Lesson number one: There's no reason for the campaign to exist. Cheney didn't offer Wyoming Republicans much of a change, considering that Senator Mike Enzi is a reasonably reliable conservative voice in Washington, maybe more focused on domestic policy than on foreign. Cheney's orientation might be more global, thanks to her dad's role in crafting foreign policy when he was George Bush's Veep, but it's hard to imagine Cheney voting much differently on any issues, foreign or domestic, from the way Enzi has. With former South Dakota Senator Larry Pressler's campaign, the twist is slightly different, but eventually it comes out the same way. Pressler says he's running as an independent because he thinks the major parties are too beholden to special interests, which will have no sway with him.
That really doesn't cut it in a field where a couple of the Republican
primary candidates, Rhoden and Nelson, are gadflies by past performance as elected officials and and promise to be so by their campaign presentations. If a majority of Republicans in South Dakota want a Senator who will most definitely buck party and special interest pressure, they can turn to those two candidates within their party. I doubt that either has much of a chance at gaining the nomination, but that doesn't make long-shot Pressler's effort any less redundant. Come the general election in November, I doubt that many Dems will abandon Rick Weiland to vote for an old Republican stalwart like Pressler. Meantime, Pubs already have their "independents" to pick from. They'll likely lose to the mainstreamer, Mike Rounds, but probably won't abandon their party in any meaningful numbers in November, or at least meaningful enough to give Pressler much of a chance.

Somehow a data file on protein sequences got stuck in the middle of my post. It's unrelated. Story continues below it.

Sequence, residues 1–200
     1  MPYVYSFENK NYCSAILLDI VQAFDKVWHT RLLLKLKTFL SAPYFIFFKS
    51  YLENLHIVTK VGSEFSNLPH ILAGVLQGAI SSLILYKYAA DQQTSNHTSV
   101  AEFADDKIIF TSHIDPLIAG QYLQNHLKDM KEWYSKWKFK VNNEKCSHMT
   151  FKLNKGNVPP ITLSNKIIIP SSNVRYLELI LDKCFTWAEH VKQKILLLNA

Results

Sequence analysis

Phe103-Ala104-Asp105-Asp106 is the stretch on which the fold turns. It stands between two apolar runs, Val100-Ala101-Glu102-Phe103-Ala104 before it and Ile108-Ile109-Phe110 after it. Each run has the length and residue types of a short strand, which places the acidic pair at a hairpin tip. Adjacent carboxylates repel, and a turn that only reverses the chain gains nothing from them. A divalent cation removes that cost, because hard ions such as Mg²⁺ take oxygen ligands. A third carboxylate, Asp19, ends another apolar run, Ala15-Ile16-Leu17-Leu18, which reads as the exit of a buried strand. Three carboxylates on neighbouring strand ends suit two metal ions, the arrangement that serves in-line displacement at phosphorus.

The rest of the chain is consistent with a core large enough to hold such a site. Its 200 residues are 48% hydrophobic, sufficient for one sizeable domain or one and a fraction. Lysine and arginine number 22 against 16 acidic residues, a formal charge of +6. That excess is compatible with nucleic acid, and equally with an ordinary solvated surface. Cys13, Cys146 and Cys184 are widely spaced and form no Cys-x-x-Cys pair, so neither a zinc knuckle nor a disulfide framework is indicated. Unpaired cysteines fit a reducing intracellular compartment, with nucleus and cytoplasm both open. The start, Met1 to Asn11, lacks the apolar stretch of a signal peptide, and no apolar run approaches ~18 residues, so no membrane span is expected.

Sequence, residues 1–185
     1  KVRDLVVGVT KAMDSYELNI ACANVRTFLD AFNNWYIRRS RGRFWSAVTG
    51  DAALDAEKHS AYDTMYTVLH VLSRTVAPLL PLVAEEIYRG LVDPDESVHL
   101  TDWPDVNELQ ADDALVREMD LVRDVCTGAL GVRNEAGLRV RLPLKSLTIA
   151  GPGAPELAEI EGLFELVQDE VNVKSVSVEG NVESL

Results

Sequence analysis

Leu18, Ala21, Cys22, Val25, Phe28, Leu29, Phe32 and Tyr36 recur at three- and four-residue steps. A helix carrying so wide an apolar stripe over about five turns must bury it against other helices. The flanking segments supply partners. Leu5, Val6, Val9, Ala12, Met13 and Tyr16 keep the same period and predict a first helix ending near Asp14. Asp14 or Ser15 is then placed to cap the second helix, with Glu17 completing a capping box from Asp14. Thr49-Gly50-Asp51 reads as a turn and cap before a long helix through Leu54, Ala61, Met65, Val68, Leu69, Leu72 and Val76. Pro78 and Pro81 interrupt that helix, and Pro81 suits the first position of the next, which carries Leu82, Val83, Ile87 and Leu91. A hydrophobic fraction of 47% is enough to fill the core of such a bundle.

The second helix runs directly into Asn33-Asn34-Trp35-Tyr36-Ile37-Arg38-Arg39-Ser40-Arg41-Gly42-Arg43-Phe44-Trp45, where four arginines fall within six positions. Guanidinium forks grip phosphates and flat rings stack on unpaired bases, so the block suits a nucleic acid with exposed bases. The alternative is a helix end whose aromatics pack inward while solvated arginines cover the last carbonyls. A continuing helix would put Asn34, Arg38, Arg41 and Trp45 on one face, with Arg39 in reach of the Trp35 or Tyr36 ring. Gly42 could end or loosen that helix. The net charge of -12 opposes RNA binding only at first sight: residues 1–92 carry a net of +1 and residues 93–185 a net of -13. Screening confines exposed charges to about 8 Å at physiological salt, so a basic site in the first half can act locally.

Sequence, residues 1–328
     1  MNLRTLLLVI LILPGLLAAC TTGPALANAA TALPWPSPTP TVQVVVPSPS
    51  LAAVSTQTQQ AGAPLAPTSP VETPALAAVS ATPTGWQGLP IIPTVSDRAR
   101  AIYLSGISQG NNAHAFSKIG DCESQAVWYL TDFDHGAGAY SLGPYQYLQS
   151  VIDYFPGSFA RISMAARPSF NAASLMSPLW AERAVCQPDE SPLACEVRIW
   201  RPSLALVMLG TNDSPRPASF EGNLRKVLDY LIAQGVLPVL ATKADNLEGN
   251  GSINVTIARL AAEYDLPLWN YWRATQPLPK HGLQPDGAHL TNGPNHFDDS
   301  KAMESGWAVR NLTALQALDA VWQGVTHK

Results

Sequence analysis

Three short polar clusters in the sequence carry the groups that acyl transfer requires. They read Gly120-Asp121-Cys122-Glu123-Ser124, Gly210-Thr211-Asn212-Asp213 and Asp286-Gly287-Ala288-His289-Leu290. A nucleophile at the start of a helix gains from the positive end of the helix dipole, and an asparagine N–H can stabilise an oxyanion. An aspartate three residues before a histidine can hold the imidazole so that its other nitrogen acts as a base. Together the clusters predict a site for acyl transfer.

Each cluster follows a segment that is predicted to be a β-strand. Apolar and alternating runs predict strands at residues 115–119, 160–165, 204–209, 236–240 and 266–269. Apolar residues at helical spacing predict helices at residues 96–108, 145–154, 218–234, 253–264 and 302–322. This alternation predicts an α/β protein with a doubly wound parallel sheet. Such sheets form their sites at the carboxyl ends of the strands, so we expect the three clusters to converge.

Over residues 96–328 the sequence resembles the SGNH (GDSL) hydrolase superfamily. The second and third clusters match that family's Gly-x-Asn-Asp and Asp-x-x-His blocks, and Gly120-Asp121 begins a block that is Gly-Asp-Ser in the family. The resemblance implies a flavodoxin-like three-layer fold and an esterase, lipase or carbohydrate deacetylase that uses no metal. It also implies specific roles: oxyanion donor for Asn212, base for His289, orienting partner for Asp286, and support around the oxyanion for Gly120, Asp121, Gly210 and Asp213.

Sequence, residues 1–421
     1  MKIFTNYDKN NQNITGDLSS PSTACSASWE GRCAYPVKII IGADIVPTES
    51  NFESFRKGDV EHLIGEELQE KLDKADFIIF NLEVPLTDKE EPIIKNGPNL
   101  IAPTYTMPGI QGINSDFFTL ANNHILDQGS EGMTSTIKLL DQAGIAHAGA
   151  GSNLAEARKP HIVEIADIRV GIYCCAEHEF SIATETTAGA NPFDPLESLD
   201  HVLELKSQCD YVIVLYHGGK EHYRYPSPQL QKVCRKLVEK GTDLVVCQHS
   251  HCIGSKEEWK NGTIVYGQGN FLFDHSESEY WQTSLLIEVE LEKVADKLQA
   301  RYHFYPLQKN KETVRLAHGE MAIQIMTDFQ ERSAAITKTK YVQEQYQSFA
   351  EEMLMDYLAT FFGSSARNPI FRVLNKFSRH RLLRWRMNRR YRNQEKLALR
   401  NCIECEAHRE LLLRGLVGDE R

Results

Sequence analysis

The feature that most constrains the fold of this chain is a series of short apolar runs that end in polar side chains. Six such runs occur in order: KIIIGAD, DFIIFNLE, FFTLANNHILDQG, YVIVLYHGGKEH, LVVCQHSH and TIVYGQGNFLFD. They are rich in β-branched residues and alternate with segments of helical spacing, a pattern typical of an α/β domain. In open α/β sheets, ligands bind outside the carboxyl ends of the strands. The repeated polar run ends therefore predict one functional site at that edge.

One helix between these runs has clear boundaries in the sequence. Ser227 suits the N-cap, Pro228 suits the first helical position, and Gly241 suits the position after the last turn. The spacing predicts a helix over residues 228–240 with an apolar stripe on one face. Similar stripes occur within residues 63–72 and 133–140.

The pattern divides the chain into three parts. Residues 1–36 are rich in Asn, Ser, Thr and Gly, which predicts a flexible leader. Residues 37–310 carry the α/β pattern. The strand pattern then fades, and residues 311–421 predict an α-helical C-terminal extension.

As to lesson number two, Pressler's crusade, like Cheney's, is all about ego. Both campaigns are based on name-recognition. Wyoming voters were probably turned off by Cheney suddenly barreling in from outside their state and making a splash that eventually turned into a ripple, not a tide. A tougher problem for Pressler is that his ego-based campaign will make him the focus of it, and a lot of old stories that dogged him in his last bid for the Senate in '96 will re-appear. True or not, fair or not, they'll be a factor. When it's all over, I think South Dakota voters will see Pressler as gratuitously emerging from the past and that his pointless campaign will dissolve as quickly as Cheney's did next door.